Iya Segun, a market woman in Jakande Market, said: “Wetin you want make I talk? You no know say everything don spoil? Tinubu don finally finish us. The worse you can do to any living thing is to deny them water. Food aside, no one can do without water and that many people can no longer afford ordinary ‘pure water’ is a big problem. I be mama, I get four children. Before, we dey buy three bags for N750. But now three bags na N1,200. Tell me, how we wan take do am? Na only water person go drink?”

A Lagos-based medical expert with the state hospital Ota, who spoke with BusinessDay that the hike in price of sachet water may lead to waterborne diseases and deaths.

According to him, people, mostly those living in shanties and rural areas will now resort to contaminated water due to their inability to afford cleaner water for themselves and members of their families.

He listed some of the most common waterborne diseases to include “Typhoid Fever, Cholera, Dysentery, Escherichia Coli (E. coli), Hepatitis A, Salmonella,” and called on the current administration to “see to the welfare of ordinary Nigerians,” adding that “if all citizens have access to clean water, these diseases would not exist.”

Consumers of sachet water in the Federal Capital Territory (FCT) have also decried the sudden increase in the price of the commodity.

The consumers expressed their dismay in separate interviews with BusinessDay.

According to them, it is not fair for producers of sachet water to increase prices of the commodity indiscriminately.

Dongo Garuba, a transporter said: “This pure water is what we buy on a daily basis while travelling to any state, it is the cheapest way to quench our thirst. A sachet of water before now was sold for N5, but suddenly increased to two for N15, it was changed to N10 per sachet, but unfortunately, it rose to N15 per sachet and now two for N50.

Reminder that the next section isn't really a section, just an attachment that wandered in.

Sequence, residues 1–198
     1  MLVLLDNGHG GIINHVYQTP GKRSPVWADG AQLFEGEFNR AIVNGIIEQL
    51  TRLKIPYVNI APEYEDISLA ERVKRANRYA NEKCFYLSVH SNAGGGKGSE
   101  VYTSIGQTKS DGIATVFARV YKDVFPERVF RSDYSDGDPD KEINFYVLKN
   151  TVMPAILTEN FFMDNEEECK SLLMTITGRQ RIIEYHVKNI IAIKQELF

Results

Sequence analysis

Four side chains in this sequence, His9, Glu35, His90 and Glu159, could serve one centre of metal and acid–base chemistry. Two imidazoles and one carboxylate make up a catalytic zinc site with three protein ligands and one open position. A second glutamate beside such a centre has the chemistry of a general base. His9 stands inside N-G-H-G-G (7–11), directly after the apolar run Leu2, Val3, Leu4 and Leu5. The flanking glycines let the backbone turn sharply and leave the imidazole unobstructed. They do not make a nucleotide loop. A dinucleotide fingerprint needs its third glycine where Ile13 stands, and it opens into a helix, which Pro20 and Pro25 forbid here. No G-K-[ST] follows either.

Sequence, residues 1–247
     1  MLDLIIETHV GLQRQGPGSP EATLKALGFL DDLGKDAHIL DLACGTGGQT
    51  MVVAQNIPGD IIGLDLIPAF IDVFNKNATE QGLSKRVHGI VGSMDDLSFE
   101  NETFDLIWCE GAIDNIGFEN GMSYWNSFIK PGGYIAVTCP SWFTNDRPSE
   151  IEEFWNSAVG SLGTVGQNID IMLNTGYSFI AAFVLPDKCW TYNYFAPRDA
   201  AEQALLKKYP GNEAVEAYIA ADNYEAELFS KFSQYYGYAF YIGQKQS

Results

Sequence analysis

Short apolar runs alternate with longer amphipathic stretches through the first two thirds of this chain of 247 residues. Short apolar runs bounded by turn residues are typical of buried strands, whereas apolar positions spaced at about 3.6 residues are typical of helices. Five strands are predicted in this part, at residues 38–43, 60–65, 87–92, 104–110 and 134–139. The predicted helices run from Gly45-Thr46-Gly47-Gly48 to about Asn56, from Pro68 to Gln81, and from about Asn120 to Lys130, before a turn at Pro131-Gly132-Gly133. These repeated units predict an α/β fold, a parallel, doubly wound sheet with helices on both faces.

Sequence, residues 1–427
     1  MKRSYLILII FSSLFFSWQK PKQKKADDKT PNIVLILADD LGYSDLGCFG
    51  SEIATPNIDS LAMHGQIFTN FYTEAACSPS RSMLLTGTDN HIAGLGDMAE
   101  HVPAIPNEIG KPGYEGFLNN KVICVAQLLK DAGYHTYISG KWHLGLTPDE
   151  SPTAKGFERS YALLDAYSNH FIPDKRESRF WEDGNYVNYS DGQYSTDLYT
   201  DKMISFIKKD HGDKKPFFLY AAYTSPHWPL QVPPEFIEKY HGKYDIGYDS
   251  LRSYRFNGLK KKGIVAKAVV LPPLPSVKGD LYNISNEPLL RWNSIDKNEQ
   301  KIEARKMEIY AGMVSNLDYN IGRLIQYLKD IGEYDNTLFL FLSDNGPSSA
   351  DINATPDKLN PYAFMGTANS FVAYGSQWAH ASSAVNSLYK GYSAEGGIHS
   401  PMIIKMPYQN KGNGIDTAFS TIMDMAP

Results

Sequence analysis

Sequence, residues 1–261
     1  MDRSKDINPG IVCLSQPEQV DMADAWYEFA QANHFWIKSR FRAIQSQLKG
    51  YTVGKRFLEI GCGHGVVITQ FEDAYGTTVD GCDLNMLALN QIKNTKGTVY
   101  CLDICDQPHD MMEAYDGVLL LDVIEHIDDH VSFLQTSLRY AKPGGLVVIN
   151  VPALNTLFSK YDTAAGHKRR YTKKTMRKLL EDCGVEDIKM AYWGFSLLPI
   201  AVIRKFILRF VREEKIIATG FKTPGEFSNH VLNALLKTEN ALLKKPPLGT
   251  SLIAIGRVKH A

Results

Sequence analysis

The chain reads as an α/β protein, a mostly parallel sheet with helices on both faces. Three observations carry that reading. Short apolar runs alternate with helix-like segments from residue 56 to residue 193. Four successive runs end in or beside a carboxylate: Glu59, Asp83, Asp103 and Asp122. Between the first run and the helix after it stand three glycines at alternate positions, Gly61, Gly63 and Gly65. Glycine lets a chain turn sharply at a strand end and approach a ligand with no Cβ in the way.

“It is the producers or the hawkers that increased the price indiscriminately and without any explanation; we do not understand what is happening anymore.’’

Another consumer, who identified himself as Hassan, said: “I got to one of the factories this morning (penultimate Thursday) only to be told that a bag of sachet water has increased from N200 to N380; this is unimaginable.

“If we say the economic situation is bad, we should not make life harder for ourselves, the situation is unfortunate and no one is telling us why,” he said.

He urged the appropriate authorities to look into the development, adding that the development was not in the interest of the consumers.

Some officials of water producing industries in Lekki, Lagos have insisted that the decision to increase the price was due to the prevailing economic situation in the country.

The Assistant General Manager of Merit Water, Abigail, blamed the hike on the price of sachet water on the lack of adequate power supply and subsequent increase in the cost of production.

“We have been producing at little or no profit; in actual fact, we cannot compromise our standard of production. There is an increase in the cost of materials, the filters, and the diesel to power our machines do not come cheap. We buy a litre of diesel for N1550 and we use an estimate of 50 litres per day. So, we are forced to keep producing to stay in the market.

“Our consumers should please understand that this is not our fault, it is because we want to maintain our standard of producing clean water,’’ she said.